Skip to content
My WebMD Sign In, Sign Up

Information and Resources

Font Size

Stool Analysis for Giardiasis (Ova and Parasite Test)

A stool sample is collected and analyzed for the presence of the parasite G. lamblia or its cysts. The stool sample may be collected at home, in the doctor's office, or in the hospital.

If the stool is collected at home, it may help to have a bowel movement directly into a plastic bag taped to the toilet seat or into a plastic "hat" provided by your doctor. It is very important to wash your hands after collecting the sample, to avoid spreading a possible infection to others.

Why It Is Done

A stool analysis is done if the medical history and symptoms show that you may have giardiasis. A stool analysis also may be able to find other parasites as well as Giardia lamblia and may be helpful when the diagnosis is unclear.

Results

If a giardia infection is present, the parasite or its cysts can be seen when the stool is looked at under a microscope. Evaluating 3 stool samples detects up to 90% of Giardia lamblia infections.1

If giardiasis is suspected, an antigen test may be done on the stool or a sample of the fluid from the small intestine (duodenal contents). Fluid from the small intestine may be collected by endoscopy. In rare cases, a string test may also be done to look for the parasite.

What To Think About

People may have symptoms before the parasite shows up in their stool. So a single stool sample taken when symptoms first appear often does not contain any parasites. For an accurate diagnosis, most doctors recommend analyzing at least 3 samples, collected on alternate days.

To reduce costs, you may want to wait for the results of the first analysis before doing a second or third test. If Giardia lamblia is found in the first test (positive result), no more tests are needed.

People with chronic giardiasis tend to pass large numbers of the parasite in their stools at about 2-week intervals. If chronic giardiasis is suspected, 3 stool samples may be collected 4 to 7 days apart to maximize the chances of finding the parasite. Stools may also be collected when the person is passing loose (rather than formed) stools. More parasites seem to be passed in loose stools.

Substances that may interfere with test results include:

  • Antacids and antidiarrheals.
  • Antibiotics.
  • Antiparasite drugs.
  • Barium (a contrast material used for X-rays).
  • Enemas or laxatives.

If possible, these products should be avoided for 2 weeks before collecting a stool sample.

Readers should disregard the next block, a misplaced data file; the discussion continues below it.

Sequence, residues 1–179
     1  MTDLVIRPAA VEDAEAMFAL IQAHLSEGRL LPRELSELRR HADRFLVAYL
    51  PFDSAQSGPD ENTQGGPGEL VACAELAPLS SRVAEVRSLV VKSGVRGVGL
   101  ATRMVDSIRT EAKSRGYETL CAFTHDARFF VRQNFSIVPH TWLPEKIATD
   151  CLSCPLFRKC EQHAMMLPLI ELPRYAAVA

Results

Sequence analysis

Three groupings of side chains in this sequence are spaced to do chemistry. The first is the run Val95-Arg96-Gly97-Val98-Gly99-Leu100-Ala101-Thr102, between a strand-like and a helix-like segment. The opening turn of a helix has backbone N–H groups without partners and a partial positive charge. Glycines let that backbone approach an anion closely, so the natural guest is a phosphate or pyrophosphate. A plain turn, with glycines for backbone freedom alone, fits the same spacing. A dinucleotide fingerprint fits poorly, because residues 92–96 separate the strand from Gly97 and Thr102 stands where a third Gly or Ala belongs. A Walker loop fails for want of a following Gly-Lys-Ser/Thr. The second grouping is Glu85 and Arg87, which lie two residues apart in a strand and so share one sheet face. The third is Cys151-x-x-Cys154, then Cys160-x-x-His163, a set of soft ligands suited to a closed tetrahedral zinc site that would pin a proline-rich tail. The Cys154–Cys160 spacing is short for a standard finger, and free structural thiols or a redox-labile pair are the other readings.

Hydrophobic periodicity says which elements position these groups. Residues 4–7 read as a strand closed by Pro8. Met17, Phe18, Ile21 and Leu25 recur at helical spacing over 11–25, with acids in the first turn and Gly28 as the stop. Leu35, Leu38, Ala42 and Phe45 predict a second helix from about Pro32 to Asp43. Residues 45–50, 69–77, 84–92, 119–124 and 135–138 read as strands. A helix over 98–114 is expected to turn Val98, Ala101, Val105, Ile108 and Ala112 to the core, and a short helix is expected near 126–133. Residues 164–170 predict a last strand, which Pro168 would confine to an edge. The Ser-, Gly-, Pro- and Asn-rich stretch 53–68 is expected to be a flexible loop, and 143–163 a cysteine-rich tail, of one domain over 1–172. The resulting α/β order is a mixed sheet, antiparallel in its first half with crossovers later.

Complete the medical test information form (PDF)(What is a PDF document?) to help you prepare for this test.

Related Information

Citations

  1. Hill DR, Nash TE (2010). Giardia lamblia. In GL Mandell et al., eds., Mandell, Douglas, and Bennett's Principles and Practice of Infectious Disease, 7th ed., vol. 2, pp. 3527–3534. Philadelphia: Churchill Livingstone Elsevier.

ByHealthwise Staff
Primary Medical ReviewerE. Gregory Thompson, MD - Internal Medicine
Specialist Medical ReviewerW. David Colby IV, MSc, MD, FRCPC - Infectious Disease
Last RevisedSeptember 9, 2011

WebMD Medical Reference from Healthwise

Last Updated: September 09, 2011
This information is not intended to replace the advice of a doctor. Healthwise disclaims any liability for the decisions you make based on this information.

Hot Topics

WebMD Video: Now Playing

Click here to wach video: Dirty Truth About Hand Washing

Which sex is the worst about washing up? Why is it so important? We’ve got the dirty truth on how and when to wash your hands.

Click here to watch video: Dirty Truth About Hand Washing

Popular Slideshows & Tools on WebMD

feet
Solutions for 19 types.
Woman sitting in front of UV lights
Is yours working?
Healthy breakfast
What are you eating?
Young man exercising on bike
How not to get sick at the gym.
MS Overview
Recognizing symptoms.
bowl of yogurt with heart shape
Eat for a healthy heart.
Woman scrutinizing nose in mirror
Tips that work.
close up of leg with psoriasis rash
Know what to look for.
Woman sitting with child
Do you know the symptoms?
lone star tick
How to identify that bite.
young woman in sun
What to watch for.
Thyroid exam
See how much you know.

Women's Health Newsletter

Find out what women really need.